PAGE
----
Movie Mom

Movie Mom


Jack the Giant Slayer

posted by Nell Minow
B+
Lowest Recommended Age:Middle School
MPAA Rating:Rated PG-13 for intense scenes of fantasy action violence, some frightening images, and brief language
Profanity:Brief strong language
Nudity/Sex:Kissing
Alcohol/Drugs:None
Violence/Scariness:Extended fantasy and action violence, characters in peril, injured, and killed, some graphic and disturbing images, monsters
Diversity Issues:Class issues, strong female character
Movie Release Date:March 1, 2013
DVD Release Date:June 17, 2013

More action, more romance, more spectacle, a brave princess who wears armor and does not wait to be rescued, and lots more giants — this is a grand bedtime story 21st century-style.  As a boy, Jack (“Warm Bodies” Nicholas Hoult) loved to hear the stories about the time that giants ruled the earth and the magical crown that keeps them confined to their home above the clouds.  It turns out they were more than stories.

As a young man, Jack lives with his uncle, who sends him to town to sell their horse.  The movie Jack is a bit less credulous than the one in the story.  He does end up with magic beans, but not because he believes a story about them. He is given them by a man desperate to keep them from being used to bring the giants back to earth.

Jack is warned not to let the beans anywhere near water, but you know what happens.  Pretty soon a beanstalk grows five miles up into the sky, taking Jack’s house with it.  And, since Princess Isabelle (Eleanor Tomlinson) happened to stop by Jack’s house to get out of the rain, she is up the beanstalk, too.  The king sends a rescue squad after her led by Roderick, his highest-ranking courtier and — despite her objections — Isabelle’s fiancé.  Also making the climb are a group of soldiers led by Elmont (a gallant but under-used Ewan McGregor), and a volunteer — Jack.

And they find a big community of giants — all male, which may explain some of their anger issues as well as a disturbing lack of attention to personal hygiene.  Production designer Gavin Bocquet and costume designer Joanna Johnston have created an eye-filling world that feels fairy tale fantastic but not musty or old-fashioned.  Aside from a few clunkers in the dialog (in no fairy tale is it ever appropriate for a character to say “okay” or “pissed off”), it remains inventive and entertaining.  The giants are imaginatively designed, with the leader a motion capture performance by Bill Nighy (as at least one of the two heads).  Tucci clearly enjoys himself as the ruthlessly ambitious courtier and it is a nice twist to have the real bad guy be someone more close to home than the giants.  Jack and Isabelle have a sweet and almost immediate connection, wasting little time on the usual back-and-forth of learning to trust themselves and each other.  And that makes the idea of a happily ever after ending even more satisfying.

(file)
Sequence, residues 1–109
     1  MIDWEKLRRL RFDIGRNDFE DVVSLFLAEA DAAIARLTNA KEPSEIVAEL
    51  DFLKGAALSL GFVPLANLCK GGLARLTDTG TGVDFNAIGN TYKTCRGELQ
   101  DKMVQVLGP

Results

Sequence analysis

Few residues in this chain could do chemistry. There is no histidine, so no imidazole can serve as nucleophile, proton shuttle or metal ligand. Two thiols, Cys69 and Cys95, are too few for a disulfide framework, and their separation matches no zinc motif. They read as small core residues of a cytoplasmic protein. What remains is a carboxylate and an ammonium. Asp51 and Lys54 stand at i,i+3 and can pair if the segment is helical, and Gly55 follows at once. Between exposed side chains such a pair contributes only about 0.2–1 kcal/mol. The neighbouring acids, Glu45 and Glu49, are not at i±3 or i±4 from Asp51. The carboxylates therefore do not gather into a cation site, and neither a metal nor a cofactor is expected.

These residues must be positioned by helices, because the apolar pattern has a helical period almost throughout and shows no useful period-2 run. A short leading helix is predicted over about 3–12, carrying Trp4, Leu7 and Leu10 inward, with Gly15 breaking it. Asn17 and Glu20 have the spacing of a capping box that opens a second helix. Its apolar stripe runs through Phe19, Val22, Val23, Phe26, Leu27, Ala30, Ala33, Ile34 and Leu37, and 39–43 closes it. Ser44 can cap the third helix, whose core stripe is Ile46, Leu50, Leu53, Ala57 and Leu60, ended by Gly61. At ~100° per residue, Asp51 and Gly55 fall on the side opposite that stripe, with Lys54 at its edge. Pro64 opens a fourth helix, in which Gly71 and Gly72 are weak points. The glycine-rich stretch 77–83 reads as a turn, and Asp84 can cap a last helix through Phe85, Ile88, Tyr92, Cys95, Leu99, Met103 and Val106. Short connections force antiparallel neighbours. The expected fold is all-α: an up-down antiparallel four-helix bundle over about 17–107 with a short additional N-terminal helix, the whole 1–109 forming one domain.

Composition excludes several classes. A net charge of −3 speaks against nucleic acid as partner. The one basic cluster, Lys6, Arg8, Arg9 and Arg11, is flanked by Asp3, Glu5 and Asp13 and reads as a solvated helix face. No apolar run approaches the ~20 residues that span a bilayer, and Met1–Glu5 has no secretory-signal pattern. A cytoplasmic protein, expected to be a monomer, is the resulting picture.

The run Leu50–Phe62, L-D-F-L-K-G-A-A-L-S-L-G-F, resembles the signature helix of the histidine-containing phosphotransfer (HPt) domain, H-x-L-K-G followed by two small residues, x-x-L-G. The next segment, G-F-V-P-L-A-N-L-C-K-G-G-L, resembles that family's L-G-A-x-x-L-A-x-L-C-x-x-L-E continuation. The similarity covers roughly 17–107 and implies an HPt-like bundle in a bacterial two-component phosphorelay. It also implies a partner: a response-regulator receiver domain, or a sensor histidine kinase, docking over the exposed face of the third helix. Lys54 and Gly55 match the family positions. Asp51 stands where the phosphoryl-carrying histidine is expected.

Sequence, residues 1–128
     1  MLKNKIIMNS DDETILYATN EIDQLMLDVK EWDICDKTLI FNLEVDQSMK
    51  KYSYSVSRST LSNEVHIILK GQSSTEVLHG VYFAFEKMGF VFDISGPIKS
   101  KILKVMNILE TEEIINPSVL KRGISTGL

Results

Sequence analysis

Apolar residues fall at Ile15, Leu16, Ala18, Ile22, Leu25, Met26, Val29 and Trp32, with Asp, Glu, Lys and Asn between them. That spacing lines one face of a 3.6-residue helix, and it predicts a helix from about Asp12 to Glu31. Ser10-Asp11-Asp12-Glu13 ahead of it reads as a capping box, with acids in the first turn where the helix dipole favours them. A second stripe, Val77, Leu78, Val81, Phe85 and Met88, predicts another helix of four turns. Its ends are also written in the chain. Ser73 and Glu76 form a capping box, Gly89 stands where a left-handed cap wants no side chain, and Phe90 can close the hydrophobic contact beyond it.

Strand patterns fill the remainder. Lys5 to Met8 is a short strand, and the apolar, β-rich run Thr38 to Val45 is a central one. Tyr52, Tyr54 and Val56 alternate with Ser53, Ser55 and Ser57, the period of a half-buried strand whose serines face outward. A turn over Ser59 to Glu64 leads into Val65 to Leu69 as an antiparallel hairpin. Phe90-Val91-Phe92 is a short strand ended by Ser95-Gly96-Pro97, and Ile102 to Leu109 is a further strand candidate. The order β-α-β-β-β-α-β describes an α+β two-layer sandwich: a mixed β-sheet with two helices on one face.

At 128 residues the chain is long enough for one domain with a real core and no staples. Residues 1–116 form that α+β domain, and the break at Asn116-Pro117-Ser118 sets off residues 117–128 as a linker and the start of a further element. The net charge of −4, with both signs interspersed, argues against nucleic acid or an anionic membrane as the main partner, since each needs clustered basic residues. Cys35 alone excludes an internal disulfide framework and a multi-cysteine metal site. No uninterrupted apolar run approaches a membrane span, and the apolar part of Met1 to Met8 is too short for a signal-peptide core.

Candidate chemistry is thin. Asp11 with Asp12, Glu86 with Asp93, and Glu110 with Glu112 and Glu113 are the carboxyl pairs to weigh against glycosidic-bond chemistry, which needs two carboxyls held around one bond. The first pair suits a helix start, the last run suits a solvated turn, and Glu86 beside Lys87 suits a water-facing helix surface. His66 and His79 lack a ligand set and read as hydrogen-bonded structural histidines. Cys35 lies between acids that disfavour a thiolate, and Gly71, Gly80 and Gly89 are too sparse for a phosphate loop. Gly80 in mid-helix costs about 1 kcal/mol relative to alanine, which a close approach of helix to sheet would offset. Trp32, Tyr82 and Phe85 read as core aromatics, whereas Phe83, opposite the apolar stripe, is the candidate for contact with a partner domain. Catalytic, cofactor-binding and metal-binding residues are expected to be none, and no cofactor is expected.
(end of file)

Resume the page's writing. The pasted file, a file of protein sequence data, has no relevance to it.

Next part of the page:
Parents should know that this movie includes a great deal of fantasy/action violence, with characters injured and killed and some scary monsters and disturbing images like skeletons and skulls and an eye that pops out — plus some giant nose-picking.  There is also some gross/crude humor and brief strong language.

Family discussion: What is Roderick’s plan?  How does he show that he cannot be trusted?  What does Jack to to earn the respect of Elmont and Isabelle?  What does Roderick mean by saying that they all think of themselves as the hero of the story?

If you like this, try: Disney’s “Mickey and the Beanstalk” and “A Knight’s Tale”



  • http://AddaURLtothiscomment grok87

    Just saw this and liked it. The movie is very visually appealing and well done. Their is a lot of clever interplay in the dialogue, especially in drawing the parallels between Jack and Isabelle early on.
    While I enjoyed the movie, I felt i dragged a little bit toward the end. But largely I think they pulled off the combination of a big special effect type movie with some wit and heart.
    cheers,

    • Nell Minow

      Agreed, grok87! Thanks!

Previous Posts

Wild's Cheryl Strayed Has a New Advice Podcast
Before Wild, Cheryl Strayed was the pseudonymous "Dear Sugar" advice columnist for The Rumpus. Her columns were collected in Tiny Beautiful Things: Advice on Love and Life from Dear Sugar. Writer Steve Almond (Candyfreak: A Journey through the Chocolate Underbelly of America) also wrote as Dear Su

posted 3:59:40pm Dec. 19, 2014 | read full post »

Actors Of Color Discuss Racial Stereotypes In Hollywood
Film Courage produced this excellent and very compelling film with actors of color talking about the challenges they face in Hollywood. If we did a better job of representing diversity in film, we would not just tell better stories and tell stories better, we would make better progress toward under

posted 8:00:49am Dec. 19, 2014 | read full post »

Annie
The story of the plucky little Depression-era orphan with the curly red hair has been not just re-booted but re-imagined into the world of rent-a-bikes, viral videos, DNA tests, YOLO, corpora

posted 5:59:13pm Dec. 18, 2014 | read full post »

Night at the Museum: Secret of the Tomb
Fans of the first two "Night at the Museum" films will like this one because it is pretty much the same film. They go to another museum, this time the British Museum in London, and the exhibi

posted 5:23:46pm Dec. 18, 2014 | read full post »

Listen to People's Lives: David Plotz's Working Podcast
Former Slate editor David Plotz, now at Atlas Obscura, says that he is a big fan of Studs Terkel's classic book Working: People Talk About What They Do All Day and How They Feel About What They Do. He has paid tribute to that great work in the best possible way, by updating it with his podcast seri

posted 3:59:23pm Dec. 18, 2014 | read full post »




Report as Inappropriate

You are reporting this content because it violates the Terms of Service.

All reported content is logged for investigation.